At a Glance
Wastewater treatment system allows center to meet commitment that quality of water leaving the village be as close as possible to the quality it began with.
The Merry Lea Environmental Learning Center of Goshen College is located within a 1,150-acre nature preserve that includes northern Indiana ecosystems such as peat bogs, swamp maple forest, upland mesic forest, old field, prairie, and lakeshore. The Center houses Goshen College’s expanding environmental science program and includes Rieth Village, where students can live near the ecosystems they study. The Center was conceived and designed to meet the highest standards of the U.S. Green Building Council’s LEED rating system. The Reith Village is one of the first LEED Platinum projects in the state of Indiana.
A key member of the integrated design team, Biohabitats designed a wastewater treatment system that relied heavily upon constructed wetlands, a sand filter, and a trickling filter.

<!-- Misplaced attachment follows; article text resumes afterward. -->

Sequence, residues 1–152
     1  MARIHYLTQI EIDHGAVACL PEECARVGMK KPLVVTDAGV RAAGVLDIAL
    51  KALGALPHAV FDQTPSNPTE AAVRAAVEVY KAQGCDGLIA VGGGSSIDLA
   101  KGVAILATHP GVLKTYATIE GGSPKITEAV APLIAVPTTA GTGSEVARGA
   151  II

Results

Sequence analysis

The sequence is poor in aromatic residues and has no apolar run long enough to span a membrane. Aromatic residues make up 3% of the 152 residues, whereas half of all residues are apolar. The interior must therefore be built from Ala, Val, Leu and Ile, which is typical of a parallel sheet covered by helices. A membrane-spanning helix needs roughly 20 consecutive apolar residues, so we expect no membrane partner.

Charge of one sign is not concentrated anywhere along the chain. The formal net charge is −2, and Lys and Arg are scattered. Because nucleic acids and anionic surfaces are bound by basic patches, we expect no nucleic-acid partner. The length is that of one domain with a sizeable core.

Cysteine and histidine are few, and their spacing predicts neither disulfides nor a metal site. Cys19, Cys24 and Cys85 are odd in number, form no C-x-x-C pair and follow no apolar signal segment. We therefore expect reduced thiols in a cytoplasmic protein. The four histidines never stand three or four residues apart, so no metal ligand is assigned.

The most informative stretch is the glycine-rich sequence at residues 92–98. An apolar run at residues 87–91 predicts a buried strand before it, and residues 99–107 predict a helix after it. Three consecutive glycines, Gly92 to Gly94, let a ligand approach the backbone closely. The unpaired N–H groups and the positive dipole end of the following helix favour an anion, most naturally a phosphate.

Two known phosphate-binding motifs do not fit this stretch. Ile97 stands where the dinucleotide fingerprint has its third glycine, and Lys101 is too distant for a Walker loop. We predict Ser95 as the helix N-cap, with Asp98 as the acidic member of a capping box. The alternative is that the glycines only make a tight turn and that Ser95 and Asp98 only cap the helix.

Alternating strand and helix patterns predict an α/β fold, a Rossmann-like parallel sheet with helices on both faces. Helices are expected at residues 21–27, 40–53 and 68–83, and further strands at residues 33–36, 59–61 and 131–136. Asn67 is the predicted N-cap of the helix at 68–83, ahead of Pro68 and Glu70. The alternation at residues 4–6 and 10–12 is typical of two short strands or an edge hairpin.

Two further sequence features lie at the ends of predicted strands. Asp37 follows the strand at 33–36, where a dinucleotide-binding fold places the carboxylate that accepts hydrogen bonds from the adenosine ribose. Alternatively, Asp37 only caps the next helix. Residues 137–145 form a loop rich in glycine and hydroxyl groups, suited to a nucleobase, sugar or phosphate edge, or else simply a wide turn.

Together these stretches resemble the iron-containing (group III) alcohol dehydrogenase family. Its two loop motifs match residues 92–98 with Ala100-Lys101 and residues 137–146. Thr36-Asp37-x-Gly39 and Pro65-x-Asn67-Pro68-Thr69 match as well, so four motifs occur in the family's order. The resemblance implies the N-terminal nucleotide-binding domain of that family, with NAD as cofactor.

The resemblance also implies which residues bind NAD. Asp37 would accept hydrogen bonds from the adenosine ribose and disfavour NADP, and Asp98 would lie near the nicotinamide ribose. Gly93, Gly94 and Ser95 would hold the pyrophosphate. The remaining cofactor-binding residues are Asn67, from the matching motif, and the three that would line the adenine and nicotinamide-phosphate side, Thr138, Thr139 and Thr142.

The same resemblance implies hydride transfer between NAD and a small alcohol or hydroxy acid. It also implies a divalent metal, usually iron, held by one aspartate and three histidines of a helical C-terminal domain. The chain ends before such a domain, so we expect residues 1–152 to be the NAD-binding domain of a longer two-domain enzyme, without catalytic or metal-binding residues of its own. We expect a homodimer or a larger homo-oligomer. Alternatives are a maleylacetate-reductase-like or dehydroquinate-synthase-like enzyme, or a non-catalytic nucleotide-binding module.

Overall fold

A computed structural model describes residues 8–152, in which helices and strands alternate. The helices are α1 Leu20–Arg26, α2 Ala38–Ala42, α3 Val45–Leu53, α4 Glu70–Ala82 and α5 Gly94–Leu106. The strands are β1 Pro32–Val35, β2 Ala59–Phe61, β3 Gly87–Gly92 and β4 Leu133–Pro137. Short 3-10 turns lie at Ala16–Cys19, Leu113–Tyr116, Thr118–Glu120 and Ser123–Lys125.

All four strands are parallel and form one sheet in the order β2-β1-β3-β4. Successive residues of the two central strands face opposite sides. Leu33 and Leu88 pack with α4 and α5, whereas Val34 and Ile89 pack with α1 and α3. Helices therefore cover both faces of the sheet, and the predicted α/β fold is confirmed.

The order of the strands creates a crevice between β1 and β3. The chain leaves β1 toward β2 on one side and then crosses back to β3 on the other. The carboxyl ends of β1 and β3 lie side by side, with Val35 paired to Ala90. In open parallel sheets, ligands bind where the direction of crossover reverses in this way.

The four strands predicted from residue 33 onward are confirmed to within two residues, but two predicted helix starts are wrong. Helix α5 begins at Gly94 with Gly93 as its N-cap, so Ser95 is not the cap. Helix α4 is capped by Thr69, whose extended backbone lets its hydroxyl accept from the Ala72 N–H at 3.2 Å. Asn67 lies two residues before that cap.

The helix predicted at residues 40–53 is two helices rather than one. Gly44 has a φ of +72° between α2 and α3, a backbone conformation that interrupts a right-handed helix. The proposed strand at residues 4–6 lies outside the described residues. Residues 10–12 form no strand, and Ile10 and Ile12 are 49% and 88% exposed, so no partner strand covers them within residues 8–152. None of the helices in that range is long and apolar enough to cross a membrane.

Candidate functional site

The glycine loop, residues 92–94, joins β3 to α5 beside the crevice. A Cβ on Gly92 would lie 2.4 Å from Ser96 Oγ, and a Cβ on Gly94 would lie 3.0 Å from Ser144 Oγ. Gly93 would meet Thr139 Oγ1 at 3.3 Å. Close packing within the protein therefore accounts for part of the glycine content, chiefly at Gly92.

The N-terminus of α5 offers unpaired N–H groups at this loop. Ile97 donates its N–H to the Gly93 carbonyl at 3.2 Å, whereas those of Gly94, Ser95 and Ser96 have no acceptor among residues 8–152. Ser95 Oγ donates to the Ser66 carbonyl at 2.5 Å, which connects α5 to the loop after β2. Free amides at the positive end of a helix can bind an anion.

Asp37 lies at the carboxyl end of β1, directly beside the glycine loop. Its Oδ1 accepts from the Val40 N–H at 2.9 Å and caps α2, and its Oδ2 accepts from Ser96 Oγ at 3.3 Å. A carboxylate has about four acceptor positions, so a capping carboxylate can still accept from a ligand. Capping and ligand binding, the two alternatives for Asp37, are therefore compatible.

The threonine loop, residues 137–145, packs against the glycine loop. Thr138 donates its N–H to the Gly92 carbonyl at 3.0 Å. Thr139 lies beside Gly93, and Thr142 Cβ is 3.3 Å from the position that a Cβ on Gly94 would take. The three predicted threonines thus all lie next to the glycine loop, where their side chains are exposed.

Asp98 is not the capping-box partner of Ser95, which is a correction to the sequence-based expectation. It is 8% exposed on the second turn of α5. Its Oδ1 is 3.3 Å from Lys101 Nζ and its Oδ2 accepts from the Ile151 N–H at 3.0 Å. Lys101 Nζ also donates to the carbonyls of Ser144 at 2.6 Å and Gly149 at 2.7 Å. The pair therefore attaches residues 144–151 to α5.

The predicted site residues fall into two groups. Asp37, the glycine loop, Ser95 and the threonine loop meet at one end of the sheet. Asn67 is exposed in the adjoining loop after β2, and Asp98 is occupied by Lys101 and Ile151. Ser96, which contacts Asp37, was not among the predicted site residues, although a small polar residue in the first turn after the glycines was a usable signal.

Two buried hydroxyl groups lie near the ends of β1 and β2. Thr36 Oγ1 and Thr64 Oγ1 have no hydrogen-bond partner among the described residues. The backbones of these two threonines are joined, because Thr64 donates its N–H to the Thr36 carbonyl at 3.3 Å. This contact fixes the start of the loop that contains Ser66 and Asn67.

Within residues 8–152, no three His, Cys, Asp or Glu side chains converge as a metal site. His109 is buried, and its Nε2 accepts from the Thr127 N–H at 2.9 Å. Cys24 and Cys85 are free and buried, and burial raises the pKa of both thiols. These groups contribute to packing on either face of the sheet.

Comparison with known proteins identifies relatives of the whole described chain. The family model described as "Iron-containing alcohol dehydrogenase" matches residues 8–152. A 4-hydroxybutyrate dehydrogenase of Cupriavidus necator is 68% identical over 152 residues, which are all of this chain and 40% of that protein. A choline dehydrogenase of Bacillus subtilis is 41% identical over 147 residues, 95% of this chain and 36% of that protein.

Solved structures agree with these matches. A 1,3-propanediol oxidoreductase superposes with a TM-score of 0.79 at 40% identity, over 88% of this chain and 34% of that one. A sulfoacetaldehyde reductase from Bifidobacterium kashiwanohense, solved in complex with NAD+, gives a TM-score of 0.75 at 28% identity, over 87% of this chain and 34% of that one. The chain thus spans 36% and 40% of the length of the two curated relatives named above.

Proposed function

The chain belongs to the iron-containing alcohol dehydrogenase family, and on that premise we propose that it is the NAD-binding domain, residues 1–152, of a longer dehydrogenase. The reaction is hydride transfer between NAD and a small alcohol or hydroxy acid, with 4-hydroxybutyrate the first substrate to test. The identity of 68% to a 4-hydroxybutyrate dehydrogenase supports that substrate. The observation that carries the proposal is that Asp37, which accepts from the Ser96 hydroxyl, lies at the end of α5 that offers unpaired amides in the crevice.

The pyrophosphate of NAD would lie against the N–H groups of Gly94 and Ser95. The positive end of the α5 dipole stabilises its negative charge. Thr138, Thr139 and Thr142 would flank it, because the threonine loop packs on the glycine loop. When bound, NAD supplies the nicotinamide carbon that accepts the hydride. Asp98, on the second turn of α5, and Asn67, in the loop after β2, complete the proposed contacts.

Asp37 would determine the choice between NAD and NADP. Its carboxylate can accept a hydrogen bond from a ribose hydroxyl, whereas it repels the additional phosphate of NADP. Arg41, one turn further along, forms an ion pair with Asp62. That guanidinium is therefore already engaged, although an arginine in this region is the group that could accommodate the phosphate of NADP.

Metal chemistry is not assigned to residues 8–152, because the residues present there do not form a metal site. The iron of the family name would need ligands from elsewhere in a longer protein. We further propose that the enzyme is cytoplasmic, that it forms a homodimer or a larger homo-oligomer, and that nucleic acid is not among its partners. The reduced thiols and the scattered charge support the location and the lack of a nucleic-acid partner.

Primary treatment at the site occurred in a septic tank. From there, water flowed first to a trickling filter where both Biochemical Oxygen Demand (BOD) and Total Suspended Solids (TSS) were reduced. The next step was an aerated lagoon that reduced BOD and also allowed for nitrification. Nitrification, denitrification, and BOD reduction were the result of constructed wetlands. Finally, the water travelled to a recirculating sand filter where nitrification, denitrification, TSS/solids filtration, natural disinfection, and BOD reduction occurred.
The cycle of nitrification and denitrification, crucial to the wastewater treatment process, is achieved at Merry Lea in Phase 1 by passing effluent through constructed wetlands and the recirculating sand filter. Including a trickling filter and an aerated lagoon in the treatment process enhances the nitrogen cycle. The trickling filter and lagoon nitrify the effluent, which is subsequently denitrified as it passes through the wetlands. A similar process occurs within the sand filter, which provides final nitrogen reductions prior to disposal or reuse.
The treatment cycle is so effective that treated effluent can be reused on site for flushing toilets and irrigation. The system, which has become an important educational tool and an amenity for students, enabled Merry Lea to meet a commitment that water leaving the village be as close as possible to the quality it was when it entered the site.